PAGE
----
[wp-hackers] Re: GSoC 2008 Proposal: Core OpenID Support

Ronald Heft ron at cavemonkey50.com
Mon Mar 24 18:41:09 GMT 2008

I'm a little confused by your explanation of how my implementation of OpenID
could allow for spoof-able comments, but don't worry about re-explaining as
I'm forgoing that implementation.
I completely agree with you about requiring registration for OpenID
comments. I have been testing existing OpenID plugins this morning, and
every single one of them links OpenID comments to registration. There is no
reason why an OpenID comment needs an account. This is certainly one area
where a new plugin could improve in.

Regarding adding the server code for each user, again, I completely agree.
Users should have the option of allowing WordPress to be their OpenID
server, or point their account to an existing OpenID delegate.

Regarding a separate field, yet again, I'm right there with you. Using the
existing URI field is a bad interface. A separate field that switches place
with the anonymous fields using a Javascript toggle would be the best method
for using OpenID.

So, I'm now thinking a better plugin may be the best way to go about OpenID
support. As you mentioned earlier Otto, the current set of OpenID plugins,
while robust, are not widely adopted. Perhaps a different
plugin implementation may spark more OpenID adoption among WordPress users.
If that occurs, core inclusion could be looked at later down the road.

If I should go about developing another OpenID plugin, here is how it would
differ from existing plugins:

1. Allow for anonymous OpenID commenting without registration
2. Provide a separate field for anonymous OpenID comments, and don't utilize
the URI field like existing plugins do
3. Include an OpenID server for all registered WordPress users.
4. Provide an option for a user to delegate a third party OpenID provider
instead of using the built in server

Looking through current OpenID plugins, no plugin to date allows anonymous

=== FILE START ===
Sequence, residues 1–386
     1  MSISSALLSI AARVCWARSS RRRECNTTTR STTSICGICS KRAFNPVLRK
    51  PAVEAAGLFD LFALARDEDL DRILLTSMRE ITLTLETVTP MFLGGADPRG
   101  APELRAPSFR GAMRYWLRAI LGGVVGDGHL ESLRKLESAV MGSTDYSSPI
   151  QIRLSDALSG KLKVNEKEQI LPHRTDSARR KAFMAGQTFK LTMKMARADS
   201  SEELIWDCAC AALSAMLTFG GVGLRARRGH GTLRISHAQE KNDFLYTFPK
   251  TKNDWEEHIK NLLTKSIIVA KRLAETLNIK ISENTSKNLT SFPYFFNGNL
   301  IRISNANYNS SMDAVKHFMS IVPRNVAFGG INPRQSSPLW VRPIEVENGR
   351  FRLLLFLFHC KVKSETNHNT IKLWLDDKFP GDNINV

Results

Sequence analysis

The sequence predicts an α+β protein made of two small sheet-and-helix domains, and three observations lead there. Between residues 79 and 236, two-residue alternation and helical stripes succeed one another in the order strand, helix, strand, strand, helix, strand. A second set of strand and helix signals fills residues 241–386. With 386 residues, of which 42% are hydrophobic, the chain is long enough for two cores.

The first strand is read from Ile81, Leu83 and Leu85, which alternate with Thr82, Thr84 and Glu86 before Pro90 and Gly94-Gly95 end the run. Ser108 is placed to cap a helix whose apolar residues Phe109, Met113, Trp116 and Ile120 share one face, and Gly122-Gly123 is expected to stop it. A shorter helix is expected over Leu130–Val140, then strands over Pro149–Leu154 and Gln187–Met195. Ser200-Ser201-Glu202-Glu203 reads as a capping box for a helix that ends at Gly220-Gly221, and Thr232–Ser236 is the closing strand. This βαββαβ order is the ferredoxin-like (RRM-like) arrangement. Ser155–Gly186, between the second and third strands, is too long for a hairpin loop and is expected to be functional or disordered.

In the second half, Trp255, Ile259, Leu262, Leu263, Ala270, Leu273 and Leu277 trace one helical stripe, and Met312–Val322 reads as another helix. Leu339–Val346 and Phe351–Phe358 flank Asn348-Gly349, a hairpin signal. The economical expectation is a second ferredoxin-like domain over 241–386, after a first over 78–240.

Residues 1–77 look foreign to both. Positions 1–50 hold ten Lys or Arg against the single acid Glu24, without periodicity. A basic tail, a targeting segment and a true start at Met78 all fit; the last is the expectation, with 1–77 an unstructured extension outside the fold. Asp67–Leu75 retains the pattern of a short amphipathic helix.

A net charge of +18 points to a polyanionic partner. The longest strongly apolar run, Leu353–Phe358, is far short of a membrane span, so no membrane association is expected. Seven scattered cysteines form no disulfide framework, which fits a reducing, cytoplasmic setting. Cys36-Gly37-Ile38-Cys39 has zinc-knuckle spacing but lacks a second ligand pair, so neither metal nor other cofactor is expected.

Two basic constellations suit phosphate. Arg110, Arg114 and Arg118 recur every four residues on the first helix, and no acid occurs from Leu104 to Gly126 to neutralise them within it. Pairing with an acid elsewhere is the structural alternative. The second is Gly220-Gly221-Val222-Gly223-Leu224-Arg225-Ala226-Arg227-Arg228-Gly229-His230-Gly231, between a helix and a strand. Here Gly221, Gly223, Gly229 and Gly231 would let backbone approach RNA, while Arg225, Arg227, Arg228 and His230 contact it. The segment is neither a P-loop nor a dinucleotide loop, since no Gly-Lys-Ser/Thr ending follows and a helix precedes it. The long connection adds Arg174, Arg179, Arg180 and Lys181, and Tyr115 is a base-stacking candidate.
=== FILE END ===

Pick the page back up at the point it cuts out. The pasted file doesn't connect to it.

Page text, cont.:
OpenID commenting and there is no implementation of an OpenID server outside
of WordPress MU. There two areas would strongly benefit from an alternative

In addition, working on a plugin instead of core support would
most definitely allow me to provide support for using WordPress as an OpenID
server. A plugin would give me the whole summer to add support and work out
the bugs, while core support would limit me to mid-summer for core

What's everyone's opinion on developing an alternative plugin instead of
core support? Are there any features you feel are missing / should be
developed differently in current plugin implementations of OpenID?

On Mon, Mar 24, 2008 at 10:30 AM, Otto <otto at ottodestruct.com> wrote:

> No, I got what you said all the way around, and your idea. I really
> did understand you the first time.
> The problem with it is that if you add OpenID without adding it to
> commenting as well, then it's practically useless for some large
> number of the userbase. Furthermore, if you allow OpenID logins, but
> then don't check those OpenID's on comments, then you could be said to
> be intentionally making comments spoofable. Logged in users don't get
> asked for their name/url info normally, but non-logged in users would
> be able to use the exact same information.
> I'm not opposed to OpenID commenting. I'm opposed to mandatory
> registration for commenting. I'm opposed to *requiring* OpenID for
> commenting, even. I think that OpenID in all currently implemented
> forms (all the plugins) buggers that up completely.
> Here's an alternative that maybe you have not considered:
> 1. Allow OpenID for logging in/registration. This is simply an
> alternative to providing a password to login, basically. No problems
> here. Note that they still must provide a username and password when
> they register! You have to have such because of the next bit.
> 2. While you're at it, add OpenID server code. Let each user get their
> own local OpenID by virtue of being a user. The profile pages can be
> their url, or the author pages, or something along those lines.
> 3. The important bit: Allow OpenID for commenting, but allow it
> without also requiring registration. That is, if somebody uses an
> OpenID to comment, then allow it, but don't create a user account for
> them and don't save any credentials or trust information or anything
> like that. Basically, you'll have two separate options: a) Allow
> OpenID comments, b) Only allow registered users to comment (this
> option already exists).
> Furthermore, make OpenID a *SEPARATE FIELD*. If I don't want to use my
> OpenID, but do want to use my blog URL, then I should be able to do
> so. Integrating the URL field with OpenID is annoying when I put in my
> URL and then it detects my OpenID and I get a "do you want to trust
> this site" message from my OpenID server. No, I don't want to trust
> the site, and I didn't want to use OpenID either! Annoying, that is.
> The best interface would likely be some kind of a javascript to let me
> select either the normal 3 field thing or select the OpenID 1 field
> and 2 extra steps thing. Maybe a "Use OpenID" link with the little
> OpenID icon. Whatever, should be able to be themed differently of
> course.
> -Otto
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Ronald Heft, Jr.
Information Sciences and Technology
Pennsylvania State University

9rules Network

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